Why Markdown for Drafts?

Use Markdown syntax to provide structure and emphasis to your plaintext writing.


First off, what is a draft? It's a beginning or intermediate version of your work. Notes can be just a jumble of words, and formatting does not often matter too much. Drafts, on the other hand, should start to resemble your final product, at least in terms of structure. They should include basic structures such as paragraphs, headings, and lists.

If you are a writer, you know what drafts are, and know that you'll likely have multiple drafts of a document before you send it off for review or publish it. For your own deliverables, you typically write the first draft yourself and spend a lot of time with it before sharing it with others for input. At that time, the process of writing is most crucial, and you should want your tools to be just right.

Writing efficiently

I am a writer, even though that is not my job title, I write dozens of pages per week at work. I am also a coder, and am fluent in tons of different markup and programing languages. Like most knowledge workers, most of what I produce has to end up in one of three Microsoft document formats: Word, Excel, or PowerPoint. These applications, while they have a ton of features, often get in the way of my writing work. Microsoft Word is the worst offender, in my opinion. My biggest problems with it are as follows:

  1. It has too many features, and some of those features get in the way of productive writing. It's implementation of Styles is frustrating; when you paste text from another app into Word, Word tries to preserve its original formatting, which I almost never want to do. Even when I don't do that.

  2. Working with lists and multi-level outlines is painful, both due to poor list-numbering logic and poor Styles support. I often can't get a list to look the way I want it to, and it is even worse if you paste something in from outside of Word into a list.

  3. It crashes more than it should (which is never, ever, ever). You don't lose your work most of the time, but the "auto recover" feature makes you feel like you did and makes it confusing as to which version of your file you should keep.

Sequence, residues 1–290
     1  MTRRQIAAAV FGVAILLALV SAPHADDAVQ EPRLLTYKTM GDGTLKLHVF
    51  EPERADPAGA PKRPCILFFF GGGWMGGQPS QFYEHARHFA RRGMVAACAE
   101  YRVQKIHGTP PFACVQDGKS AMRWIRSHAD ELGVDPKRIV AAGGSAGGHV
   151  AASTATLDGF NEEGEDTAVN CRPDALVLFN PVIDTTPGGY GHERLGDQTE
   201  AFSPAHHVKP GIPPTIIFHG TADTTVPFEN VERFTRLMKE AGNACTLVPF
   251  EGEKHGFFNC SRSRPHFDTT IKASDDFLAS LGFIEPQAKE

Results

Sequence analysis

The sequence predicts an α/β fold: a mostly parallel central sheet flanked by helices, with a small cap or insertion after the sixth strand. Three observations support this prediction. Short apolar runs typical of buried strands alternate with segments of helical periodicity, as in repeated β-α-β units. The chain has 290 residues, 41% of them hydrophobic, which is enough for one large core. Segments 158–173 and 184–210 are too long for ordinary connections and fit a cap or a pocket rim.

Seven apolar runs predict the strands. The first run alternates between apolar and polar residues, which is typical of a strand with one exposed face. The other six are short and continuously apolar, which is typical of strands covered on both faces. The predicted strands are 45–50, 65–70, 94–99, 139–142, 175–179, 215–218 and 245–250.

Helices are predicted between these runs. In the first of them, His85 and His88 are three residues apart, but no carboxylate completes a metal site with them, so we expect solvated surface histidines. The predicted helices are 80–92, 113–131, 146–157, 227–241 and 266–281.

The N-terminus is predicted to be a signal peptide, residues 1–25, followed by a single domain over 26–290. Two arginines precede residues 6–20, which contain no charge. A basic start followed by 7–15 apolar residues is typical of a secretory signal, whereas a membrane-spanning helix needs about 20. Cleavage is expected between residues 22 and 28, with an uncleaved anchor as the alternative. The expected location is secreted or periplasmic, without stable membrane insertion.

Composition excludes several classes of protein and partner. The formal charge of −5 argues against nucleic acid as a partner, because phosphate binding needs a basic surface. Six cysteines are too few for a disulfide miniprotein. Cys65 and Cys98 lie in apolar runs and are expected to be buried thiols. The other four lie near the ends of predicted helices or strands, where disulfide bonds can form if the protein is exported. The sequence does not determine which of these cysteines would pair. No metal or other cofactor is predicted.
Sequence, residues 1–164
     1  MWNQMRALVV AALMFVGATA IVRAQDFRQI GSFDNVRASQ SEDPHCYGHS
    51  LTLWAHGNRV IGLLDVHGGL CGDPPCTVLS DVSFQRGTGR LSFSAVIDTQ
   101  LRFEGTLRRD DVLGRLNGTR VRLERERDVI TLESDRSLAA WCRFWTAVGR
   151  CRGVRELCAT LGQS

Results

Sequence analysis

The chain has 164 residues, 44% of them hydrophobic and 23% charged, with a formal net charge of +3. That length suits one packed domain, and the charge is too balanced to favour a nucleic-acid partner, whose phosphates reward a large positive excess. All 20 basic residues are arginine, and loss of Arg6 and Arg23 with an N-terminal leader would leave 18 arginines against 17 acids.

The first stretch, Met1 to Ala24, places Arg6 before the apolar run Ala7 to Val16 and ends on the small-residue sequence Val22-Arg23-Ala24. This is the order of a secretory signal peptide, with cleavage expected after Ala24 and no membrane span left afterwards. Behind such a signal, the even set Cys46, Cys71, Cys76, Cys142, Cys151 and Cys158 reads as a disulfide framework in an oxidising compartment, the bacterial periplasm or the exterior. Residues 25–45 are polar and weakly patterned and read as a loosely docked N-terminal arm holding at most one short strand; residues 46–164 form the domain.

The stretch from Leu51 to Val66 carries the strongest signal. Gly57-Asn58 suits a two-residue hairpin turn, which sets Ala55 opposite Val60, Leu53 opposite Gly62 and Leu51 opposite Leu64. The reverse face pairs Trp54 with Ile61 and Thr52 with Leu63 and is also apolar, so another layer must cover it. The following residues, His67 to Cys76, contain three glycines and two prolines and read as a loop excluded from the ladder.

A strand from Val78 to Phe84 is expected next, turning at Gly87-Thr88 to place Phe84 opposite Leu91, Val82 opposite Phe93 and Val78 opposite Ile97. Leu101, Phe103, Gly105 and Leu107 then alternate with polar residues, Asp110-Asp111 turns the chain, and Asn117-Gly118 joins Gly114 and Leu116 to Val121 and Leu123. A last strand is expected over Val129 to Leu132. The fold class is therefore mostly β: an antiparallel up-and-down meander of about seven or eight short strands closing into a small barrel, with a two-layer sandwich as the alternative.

If you absolutely must write in Microsoft Word, figure out how to use its Draft mode and how to use Word's Styles. If you can do most of your work in something else, then use Word in the last step for page layout and styling, do it. I've been doing that for a while now, it works for me, and wanted to share my experiences.


Everything I write at work, outside of email, is a structured document. That is, it has a title, subtitle, multiple levels of section headings, and, occasionally, bulleted or numbered lists. This is the sort of document the original HTML spec was designed for presenting, and, more recently, the lightweight markup language Markdown was designed for writing.

Markdown lets you write in plaintext, use a few decorations to denote headings (#, ##, and ### denote headings 1, 2, and 3, respectively), emphasis (*italics*), strong emphasis (**bold**), lists (1., 2., 3.) and block quotes (set off with > like quoted plaintext emails), and, with some simple software, convert that plaintext to HTML.

Markdown is not suited toward selecting multiple fonts and making your page look like a ransom note. It is not suited toward page layout, such as making a poster for your rock band. It is meant to provide meaningful structure to plaintext documents, and it excels at it. Moreover, it is meant to facilitate writing and let you focus on that, without worrying so much about formatting.

As a side benefit, working in plaintext allows you to do your writing with simpler text editors that get out of your way and have none of the overhead or baggage of Microsoft Word.